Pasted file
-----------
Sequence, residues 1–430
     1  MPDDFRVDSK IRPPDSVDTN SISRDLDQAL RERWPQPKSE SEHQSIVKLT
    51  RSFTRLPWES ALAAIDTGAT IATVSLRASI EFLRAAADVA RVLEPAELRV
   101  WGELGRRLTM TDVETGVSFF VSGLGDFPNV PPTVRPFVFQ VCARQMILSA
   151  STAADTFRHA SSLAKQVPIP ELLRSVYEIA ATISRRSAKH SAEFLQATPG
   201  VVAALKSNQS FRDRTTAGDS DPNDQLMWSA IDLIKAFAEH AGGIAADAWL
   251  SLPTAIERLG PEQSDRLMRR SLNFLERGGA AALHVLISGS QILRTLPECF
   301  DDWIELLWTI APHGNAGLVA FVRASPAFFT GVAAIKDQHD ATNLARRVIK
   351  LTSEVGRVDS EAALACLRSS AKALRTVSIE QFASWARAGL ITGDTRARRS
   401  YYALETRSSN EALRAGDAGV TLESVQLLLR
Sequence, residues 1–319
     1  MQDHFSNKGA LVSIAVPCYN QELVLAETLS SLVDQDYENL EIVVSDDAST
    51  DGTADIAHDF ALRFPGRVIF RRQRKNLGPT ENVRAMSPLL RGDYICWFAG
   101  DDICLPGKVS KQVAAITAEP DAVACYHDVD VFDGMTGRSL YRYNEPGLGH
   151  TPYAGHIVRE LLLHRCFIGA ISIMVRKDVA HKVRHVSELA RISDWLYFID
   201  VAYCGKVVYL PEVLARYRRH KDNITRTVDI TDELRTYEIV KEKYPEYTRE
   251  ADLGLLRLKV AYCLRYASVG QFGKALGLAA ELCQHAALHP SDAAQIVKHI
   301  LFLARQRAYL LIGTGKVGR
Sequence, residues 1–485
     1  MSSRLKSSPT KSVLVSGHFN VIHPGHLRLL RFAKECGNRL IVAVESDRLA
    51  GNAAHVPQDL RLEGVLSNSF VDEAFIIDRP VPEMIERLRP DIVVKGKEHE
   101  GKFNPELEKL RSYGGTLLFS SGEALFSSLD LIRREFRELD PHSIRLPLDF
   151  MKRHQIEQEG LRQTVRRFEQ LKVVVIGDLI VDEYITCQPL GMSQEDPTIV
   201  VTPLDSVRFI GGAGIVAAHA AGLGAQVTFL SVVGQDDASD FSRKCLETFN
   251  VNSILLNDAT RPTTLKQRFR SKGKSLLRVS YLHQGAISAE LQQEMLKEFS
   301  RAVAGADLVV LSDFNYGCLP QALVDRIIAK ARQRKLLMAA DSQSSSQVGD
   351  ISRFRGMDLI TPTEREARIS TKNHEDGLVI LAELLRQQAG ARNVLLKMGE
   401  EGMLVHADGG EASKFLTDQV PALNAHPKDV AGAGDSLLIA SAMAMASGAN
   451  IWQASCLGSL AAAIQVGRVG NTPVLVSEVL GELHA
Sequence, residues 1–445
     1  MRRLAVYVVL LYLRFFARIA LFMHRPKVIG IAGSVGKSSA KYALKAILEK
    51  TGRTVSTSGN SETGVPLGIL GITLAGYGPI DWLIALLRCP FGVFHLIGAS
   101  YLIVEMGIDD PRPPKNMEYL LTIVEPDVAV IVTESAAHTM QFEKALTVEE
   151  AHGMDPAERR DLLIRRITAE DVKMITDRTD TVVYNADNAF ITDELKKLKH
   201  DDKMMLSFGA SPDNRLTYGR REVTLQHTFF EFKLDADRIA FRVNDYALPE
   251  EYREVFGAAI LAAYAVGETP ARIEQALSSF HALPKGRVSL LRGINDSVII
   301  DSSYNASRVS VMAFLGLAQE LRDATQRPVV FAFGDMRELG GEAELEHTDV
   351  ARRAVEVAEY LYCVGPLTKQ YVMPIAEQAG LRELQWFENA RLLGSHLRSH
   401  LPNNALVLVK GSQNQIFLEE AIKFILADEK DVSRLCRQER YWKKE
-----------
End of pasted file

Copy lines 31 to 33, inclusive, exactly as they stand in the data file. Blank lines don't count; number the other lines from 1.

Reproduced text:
     1  MRRLAVYVVL LYLRFFARIA LFMHRPKVIG IAGSVGKSSA KYALKAILEK
    51  TGRTVSTSGN SETGVPLGIL GITLAGYGPI DWLIALLRCP FGVFHLIGAS
   101  YLIVEMGIDD PRPPKNMEYL LTIVEPDVAV IVTESAAHTM QFEKALTVEE